The order immediately caused problems for officials, as its language and orders are very unclear and hard to interpret. This could be due in part to the fact that it was drafted and implemented with little to no consultation by relevant agencies or the National Security Council. As such, many were detained in various airports across the country, often for many hours. Additionally, many legal procedures have already been put in motion against the ban with court sessions to follow.
Due to the lack of clarity in the order, there is some discrepancy between who will be barred and who will not. The Trump administration issued additional guidance on Tuesday, January 31 clarifying who will and will not be barred. New immigrant visa and green card applicants from the specified countries will not be allowed into the country. People on temporary visas such as visitors, business travelers, students, or temporary workers will also be barred if trying to enter the country. This includes people who may have left the country before the ban and are trying to re-enter after its implementation.
Current green card holders will be assessed on a case-by-case basis and evaluated upon arrival before being allowed in if appropriate. Additionally, individuals with special immigrant visas such as translators or military interpreters will also be assessed on arrival on a case-by-case basis. People with dual citizenships or U.S. citizens travelling back from the selected countries will be allowed, as well as diplomats, government officials, and NATO officials.
This action immediately caused huge outcry and criticism, both domestically from both political parties and abroad in the United Nations, with many dubbing it a pseudonymous “Muslim Ban.” Domestically, huge numbers of people took to airports to protest and make their voices heard. These protests took place nationwide at airports such as LAX in Los Angeles, Chicago’s O’Hare International Airport, and JFK International Airport in New York City.
Given that the order affects international students and can potentially strand them in any of the affected countries, many academic institutions are also voicing their opposition to President Trump’s order. Colleges and universities have made statements that they will fight for their students and not leave behind any who have been stranded in their native countries.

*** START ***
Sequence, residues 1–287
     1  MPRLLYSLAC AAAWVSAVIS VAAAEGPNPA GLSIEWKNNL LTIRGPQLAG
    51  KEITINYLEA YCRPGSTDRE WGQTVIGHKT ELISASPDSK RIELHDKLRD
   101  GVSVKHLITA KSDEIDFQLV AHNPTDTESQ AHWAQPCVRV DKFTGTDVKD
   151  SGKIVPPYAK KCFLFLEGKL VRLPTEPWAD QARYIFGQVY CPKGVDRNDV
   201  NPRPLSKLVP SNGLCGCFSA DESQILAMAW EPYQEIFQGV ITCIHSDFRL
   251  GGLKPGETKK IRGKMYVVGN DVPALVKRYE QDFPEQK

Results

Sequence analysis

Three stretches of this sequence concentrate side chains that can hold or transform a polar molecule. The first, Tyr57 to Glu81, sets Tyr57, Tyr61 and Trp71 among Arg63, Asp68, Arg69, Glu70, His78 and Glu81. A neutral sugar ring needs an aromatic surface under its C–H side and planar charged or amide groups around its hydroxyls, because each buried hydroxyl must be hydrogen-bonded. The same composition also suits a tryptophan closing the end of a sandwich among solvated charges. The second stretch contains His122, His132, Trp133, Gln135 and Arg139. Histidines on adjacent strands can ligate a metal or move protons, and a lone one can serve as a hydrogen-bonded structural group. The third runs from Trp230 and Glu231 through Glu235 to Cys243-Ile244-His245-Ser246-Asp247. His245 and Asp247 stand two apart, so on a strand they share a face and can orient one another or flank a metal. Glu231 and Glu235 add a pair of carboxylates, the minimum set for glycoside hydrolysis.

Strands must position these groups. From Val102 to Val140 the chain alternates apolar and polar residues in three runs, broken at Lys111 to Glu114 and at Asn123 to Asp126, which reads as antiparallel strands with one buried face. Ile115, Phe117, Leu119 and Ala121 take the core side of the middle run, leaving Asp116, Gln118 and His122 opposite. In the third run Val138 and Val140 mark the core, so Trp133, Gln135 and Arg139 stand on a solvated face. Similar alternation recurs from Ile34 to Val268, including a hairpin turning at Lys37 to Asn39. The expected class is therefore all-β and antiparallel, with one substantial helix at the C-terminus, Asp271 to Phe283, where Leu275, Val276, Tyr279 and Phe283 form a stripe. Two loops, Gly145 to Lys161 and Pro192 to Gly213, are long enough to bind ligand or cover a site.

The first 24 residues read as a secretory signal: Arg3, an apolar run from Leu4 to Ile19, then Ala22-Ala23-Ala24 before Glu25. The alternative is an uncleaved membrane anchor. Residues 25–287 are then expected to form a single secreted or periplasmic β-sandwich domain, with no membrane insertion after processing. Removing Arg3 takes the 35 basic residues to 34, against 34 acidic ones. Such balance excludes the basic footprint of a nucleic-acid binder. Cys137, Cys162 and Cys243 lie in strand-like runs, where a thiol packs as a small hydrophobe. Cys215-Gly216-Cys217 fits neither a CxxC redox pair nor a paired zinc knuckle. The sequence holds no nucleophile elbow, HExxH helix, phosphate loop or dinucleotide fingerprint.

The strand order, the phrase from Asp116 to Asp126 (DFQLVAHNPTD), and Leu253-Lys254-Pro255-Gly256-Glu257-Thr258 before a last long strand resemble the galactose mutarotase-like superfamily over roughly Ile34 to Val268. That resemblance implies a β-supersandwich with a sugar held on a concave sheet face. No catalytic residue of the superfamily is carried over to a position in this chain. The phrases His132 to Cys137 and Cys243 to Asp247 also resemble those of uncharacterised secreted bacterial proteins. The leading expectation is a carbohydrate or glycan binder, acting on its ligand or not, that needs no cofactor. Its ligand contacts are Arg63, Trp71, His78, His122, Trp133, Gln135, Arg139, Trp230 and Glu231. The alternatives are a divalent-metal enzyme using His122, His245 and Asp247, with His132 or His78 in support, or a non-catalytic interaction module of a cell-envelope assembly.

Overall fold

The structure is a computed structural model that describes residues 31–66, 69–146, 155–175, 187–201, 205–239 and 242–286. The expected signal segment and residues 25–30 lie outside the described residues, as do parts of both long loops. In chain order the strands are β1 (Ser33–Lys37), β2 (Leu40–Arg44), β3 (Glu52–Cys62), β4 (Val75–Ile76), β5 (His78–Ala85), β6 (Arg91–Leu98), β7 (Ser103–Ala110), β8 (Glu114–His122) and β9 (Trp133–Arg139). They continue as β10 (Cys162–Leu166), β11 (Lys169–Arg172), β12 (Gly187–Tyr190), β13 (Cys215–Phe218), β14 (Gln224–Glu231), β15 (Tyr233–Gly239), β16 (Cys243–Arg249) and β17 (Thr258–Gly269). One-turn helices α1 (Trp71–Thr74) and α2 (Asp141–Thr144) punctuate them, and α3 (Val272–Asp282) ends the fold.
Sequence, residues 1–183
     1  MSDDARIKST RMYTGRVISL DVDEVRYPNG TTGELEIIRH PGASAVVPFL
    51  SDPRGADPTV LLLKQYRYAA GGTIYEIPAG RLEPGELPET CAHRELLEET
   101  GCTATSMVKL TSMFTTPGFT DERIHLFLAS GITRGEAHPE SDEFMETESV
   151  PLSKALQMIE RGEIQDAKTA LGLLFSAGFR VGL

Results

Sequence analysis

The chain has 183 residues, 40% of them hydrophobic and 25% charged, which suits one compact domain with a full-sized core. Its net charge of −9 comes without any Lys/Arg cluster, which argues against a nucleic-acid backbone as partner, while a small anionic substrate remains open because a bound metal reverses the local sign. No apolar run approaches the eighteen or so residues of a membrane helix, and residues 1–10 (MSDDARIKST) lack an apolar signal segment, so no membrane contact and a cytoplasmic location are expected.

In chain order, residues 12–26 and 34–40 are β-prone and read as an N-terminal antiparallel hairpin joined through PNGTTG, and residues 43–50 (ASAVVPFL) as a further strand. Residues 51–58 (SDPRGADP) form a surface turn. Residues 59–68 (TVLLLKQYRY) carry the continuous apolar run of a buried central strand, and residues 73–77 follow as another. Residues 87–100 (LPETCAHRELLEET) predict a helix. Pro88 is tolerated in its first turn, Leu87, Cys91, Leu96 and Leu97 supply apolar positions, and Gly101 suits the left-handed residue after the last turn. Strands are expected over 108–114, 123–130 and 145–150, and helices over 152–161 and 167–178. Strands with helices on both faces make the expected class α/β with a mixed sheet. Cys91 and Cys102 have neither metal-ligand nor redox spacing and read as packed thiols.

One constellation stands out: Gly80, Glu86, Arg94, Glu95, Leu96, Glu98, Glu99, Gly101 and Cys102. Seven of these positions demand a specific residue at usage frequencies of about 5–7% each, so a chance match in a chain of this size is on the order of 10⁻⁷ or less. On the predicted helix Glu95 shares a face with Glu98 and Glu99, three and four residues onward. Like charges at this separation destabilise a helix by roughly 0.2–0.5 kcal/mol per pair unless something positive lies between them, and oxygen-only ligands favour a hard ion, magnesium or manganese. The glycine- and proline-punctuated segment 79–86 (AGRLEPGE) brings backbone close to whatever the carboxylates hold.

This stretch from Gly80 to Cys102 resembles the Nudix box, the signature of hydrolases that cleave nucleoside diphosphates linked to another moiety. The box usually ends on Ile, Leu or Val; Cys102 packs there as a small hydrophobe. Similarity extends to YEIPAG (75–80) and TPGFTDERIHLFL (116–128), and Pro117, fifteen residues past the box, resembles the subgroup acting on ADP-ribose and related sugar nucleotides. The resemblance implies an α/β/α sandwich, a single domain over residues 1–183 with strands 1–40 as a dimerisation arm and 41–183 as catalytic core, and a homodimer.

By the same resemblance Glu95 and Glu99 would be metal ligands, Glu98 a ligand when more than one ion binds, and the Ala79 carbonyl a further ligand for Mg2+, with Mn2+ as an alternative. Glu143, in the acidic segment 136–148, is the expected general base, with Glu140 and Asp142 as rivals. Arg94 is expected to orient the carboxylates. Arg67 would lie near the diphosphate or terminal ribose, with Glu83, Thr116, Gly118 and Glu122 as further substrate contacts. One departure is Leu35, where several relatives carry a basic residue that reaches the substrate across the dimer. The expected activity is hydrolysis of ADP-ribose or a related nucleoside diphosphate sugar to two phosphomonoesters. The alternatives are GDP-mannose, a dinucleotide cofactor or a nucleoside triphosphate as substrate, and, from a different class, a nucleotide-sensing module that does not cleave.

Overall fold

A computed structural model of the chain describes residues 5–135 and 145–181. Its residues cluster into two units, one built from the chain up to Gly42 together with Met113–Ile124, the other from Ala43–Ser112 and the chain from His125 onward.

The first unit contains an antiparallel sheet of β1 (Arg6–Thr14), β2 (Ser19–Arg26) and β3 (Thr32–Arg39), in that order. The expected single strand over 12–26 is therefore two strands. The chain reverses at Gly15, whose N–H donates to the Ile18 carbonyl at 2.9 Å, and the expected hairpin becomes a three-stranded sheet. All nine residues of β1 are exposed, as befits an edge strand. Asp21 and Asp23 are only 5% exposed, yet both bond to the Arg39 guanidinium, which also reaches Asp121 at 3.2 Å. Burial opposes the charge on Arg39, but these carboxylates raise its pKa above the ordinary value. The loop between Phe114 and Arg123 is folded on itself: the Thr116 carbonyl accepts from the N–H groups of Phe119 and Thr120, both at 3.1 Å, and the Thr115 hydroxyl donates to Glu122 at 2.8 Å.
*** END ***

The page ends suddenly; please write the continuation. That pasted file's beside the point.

Canisius College’s own President John J. Hurley has taken action in opposition to the issue in collaboration with college presidents nationwide. In an email to faculty and staff this past Wednesday, he confirmed that, after conferring with Dr. Terri Mangione, Canisius does not have any students from the affected countries.
As such, rather than issue a separate statement for Canisius, he has signed on to letters from the Association of Jesuit Colleges and Universities (AJCU) and the Association of Catholic Colleges and Universities (ACCU).
The ACCU released it’s open letter during its 2017 Annual Meeting and President Hurley’s name appears alongside the names of presidents from colleges such as Fairfield University, Xavier University, Gannon University, Fordham University, and St. Thomas Aquinas College, as well as nearly three pages of others.
Furthermore, the AJCU, of which President Hurley is a member, signed on to a letter composed by the American Council on Education (ACE) directly to the Secretary of the Department of Homeland Security, John F. Kelly. The letter includes 50 other higher education organizations voicing their concerns about protecting America’s duty as an educational resource for the entire world.
Each of these letters expresses the need to accept students from other countries, giving them access to American higher education to be used as a resource beneficially within the United States, in students’ home countries, and worldwide. In the letter from the Association of Catholic Colleges and Universities, Pope Francis was quoted, summing up the feelings of the organization as well as many others throughout the country who added their voice in opposition to the barring of refugees, saying that “authentic hospitality is our greatest security against hateful acts of terrorism.”
The respective letters can be viewed online at the following links:
Association of Catholic Colleges and Universities:
American Council on Education (Signed by Association of Jesuit Colleges and Universities):